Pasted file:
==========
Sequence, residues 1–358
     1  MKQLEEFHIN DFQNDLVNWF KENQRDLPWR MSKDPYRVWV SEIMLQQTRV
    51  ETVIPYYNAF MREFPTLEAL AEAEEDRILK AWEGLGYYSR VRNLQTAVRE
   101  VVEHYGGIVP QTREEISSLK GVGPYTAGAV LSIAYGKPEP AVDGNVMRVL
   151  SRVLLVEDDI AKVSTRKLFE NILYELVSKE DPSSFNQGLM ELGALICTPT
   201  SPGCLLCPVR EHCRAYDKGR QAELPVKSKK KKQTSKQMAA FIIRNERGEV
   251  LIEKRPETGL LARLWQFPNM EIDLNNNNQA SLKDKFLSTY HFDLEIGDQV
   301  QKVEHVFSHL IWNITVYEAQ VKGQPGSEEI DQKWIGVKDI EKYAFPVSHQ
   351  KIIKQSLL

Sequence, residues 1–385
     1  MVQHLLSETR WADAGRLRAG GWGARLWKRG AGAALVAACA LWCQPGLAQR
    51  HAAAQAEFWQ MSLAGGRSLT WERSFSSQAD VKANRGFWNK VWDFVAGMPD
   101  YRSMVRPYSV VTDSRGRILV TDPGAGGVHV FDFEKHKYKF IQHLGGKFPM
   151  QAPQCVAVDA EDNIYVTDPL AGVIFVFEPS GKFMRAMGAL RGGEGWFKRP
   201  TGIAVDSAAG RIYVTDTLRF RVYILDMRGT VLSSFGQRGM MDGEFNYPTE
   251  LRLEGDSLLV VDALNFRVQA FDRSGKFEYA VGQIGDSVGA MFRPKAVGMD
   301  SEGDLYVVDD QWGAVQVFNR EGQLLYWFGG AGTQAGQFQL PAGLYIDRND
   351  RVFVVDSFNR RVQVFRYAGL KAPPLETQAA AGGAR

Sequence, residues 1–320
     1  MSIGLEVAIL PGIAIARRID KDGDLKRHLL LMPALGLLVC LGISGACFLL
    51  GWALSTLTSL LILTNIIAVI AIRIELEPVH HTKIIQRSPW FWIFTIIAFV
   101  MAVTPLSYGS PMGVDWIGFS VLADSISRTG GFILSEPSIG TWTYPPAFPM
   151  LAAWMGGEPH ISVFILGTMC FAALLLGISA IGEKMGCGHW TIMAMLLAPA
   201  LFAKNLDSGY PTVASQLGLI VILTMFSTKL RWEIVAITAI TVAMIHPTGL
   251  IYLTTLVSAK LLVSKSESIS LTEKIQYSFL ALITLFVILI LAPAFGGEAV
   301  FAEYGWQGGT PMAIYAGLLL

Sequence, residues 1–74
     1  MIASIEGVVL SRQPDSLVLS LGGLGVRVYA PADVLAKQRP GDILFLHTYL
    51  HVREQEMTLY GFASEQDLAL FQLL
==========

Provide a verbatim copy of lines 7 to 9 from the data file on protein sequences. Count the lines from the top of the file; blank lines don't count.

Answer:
   251  LIEKRPETGL LARLWQFPNM EIDLNNNNQA SLKDKFLSTY HFDLEIGDQV
   301  QKVEHVFSHL IWNITVYEAQ VKGQPGSEEI DQKWIGVKDI EKYAFPVSHQ
   351  KIIKQSLL